India’s 2017 entry for the Oscar for Best Foreign language film is Amit V Masurkar’s Newton.
The film stars Rajkummar Rao as Newton– a conscientious, upright officer who is sent on his first assignment to conduct polls in a Naxalite infested jungle in Chattisgarh. Idealistic and still untainted by cynicism, Newton Kumar believes in doing his job of collecting the votes of the 76 voters in his area going by the rule book, with complete sincerity and honesty.
Unfortunately the world around him is not as perfect as he expects it to be. Venturing into the Dandakaranya (which roughly translates into ‘the jungle of punishments’) is no less than a punishment to the security forces posted in the area, who are armed with inferior quality equipment and keep losing men to the Maoist guerillas. The skeptical security personnel who are assigned the duty of accompanying the electoral team dissuade them from going to the polling booth in all possible ways. But a bull-headed Newton doesn’t concede to their advice and makes his way through the thick forest to reach the deserted village. Backed by an excellent script and some deft dialogues, on that one polling day, director Masurkar manages to capture the plight of the villagers who bear the brunt of both the Maoists and the security forces, the true state of Indian democracy, the hollow claims of the media and the frustration of the security forces.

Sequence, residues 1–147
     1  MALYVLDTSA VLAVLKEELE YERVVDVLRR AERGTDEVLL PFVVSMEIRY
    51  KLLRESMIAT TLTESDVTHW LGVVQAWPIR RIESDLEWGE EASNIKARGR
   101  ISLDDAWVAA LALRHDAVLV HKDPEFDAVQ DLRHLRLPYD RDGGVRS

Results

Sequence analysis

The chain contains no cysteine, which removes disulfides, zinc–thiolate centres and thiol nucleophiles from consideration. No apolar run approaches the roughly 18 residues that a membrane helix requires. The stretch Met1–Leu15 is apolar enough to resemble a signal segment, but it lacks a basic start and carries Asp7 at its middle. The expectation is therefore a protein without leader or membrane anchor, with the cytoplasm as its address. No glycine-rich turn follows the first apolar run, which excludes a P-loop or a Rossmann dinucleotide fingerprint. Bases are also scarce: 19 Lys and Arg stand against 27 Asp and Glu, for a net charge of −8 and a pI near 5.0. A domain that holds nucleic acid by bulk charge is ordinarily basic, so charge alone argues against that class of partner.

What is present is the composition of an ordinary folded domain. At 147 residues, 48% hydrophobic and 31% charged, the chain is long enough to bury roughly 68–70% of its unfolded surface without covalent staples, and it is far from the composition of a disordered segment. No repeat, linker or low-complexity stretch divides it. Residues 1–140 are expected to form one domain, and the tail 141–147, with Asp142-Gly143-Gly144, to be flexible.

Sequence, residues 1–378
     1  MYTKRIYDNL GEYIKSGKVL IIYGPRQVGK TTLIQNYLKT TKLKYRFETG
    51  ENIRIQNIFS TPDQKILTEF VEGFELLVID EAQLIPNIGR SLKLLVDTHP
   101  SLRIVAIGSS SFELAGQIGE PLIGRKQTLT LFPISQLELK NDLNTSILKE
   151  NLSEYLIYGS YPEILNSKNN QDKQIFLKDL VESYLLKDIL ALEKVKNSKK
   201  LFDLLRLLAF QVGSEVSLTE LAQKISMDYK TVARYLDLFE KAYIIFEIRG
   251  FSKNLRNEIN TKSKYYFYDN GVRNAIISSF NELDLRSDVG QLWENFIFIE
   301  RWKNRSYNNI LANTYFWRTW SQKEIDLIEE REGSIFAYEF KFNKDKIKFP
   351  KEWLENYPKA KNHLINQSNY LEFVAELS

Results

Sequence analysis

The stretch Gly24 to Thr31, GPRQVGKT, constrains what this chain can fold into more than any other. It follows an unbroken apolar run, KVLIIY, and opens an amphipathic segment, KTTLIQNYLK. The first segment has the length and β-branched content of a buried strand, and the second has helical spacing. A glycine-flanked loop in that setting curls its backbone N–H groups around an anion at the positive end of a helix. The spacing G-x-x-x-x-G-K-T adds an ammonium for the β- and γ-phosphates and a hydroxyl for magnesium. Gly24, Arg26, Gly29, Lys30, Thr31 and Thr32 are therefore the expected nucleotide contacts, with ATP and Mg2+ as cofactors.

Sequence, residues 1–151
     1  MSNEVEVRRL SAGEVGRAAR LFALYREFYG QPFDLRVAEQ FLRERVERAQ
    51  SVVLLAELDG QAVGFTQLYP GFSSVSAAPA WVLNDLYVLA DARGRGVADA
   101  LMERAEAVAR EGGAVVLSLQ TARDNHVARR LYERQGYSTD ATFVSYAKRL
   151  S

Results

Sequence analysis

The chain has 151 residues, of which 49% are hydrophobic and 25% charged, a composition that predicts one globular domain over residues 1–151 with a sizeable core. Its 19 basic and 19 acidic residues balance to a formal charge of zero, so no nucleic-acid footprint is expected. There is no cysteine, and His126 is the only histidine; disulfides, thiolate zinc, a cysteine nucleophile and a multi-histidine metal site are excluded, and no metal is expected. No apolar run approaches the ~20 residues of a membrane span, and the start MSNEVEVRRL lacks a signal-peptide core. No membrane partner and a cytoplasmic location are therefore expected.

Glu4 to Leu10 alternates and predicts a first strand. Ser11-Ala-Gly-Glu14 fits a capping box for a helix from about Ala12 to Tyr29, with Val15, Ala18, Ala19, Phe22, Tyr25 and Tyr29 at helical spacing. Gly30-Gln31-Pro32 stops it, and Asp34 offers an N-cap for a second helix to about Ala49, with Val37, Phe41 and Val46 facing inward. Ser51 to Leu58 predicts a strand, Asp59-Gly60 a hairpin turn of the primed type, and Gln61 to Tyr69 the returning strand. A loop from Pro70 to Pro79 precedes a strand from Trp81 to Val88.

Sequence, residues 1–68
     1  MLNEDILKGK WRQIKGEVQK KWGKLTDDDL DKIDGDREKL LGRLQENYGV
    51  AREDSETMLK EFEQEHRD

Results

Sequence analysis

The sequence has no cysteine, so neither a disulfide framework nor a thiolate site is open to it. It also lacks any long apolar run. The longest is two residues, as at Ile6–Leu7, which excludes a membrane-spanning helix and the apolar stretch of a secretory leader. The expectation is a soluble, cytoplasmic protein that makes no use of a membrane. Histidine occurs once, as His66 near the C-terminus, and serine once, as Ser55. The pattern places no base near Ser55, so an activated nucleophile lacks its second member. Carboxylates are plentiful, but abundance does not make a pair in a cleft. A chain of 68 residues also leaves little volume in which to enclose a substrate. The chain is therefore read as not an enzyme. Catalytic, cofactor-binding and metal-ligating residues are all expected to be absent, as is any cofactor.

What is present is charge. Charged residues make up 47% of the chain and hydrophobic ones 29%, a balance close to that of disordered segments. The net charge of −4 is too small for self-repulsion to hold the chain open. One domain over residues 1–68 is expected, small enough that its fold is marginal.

While Rajkummar Rao is undoubtedly adept at his art as he has constantly demonstrated in film after film, the actor who stole the show with his brilliance was Pankaj Tripathi, who played Aatma Singh, the chief of the security team. His body language, mannerisms and face went from annoyance to sarcasm to sheer exasperation so effortlessly through the length of the film. All supporting actors including the affable Raghubir Yadav and expressive Anjali Patil are consummate playing their respective parts. Sanjai Mishra who does a small cameo in the beginning, sets the tone for the film by expounding gyaan on how Newton changed this world- by making universal laws which apply to those with and without privileges.
Is there hope for Indian democracy? Does exposure to the real India make Newton cynical like the rest of us? Watch the film to find out. And if the abrupt end leaves you wanting for more, I would suggest watching Sulemani Keeda, Masurkar’s debut directorial venture, which is a quirky but realistic take on struggles of script writers in Bollywood.
Leaving you with the haunting voice of Raghubir Yadav (so glad to hear him sing again) and a brilliant message.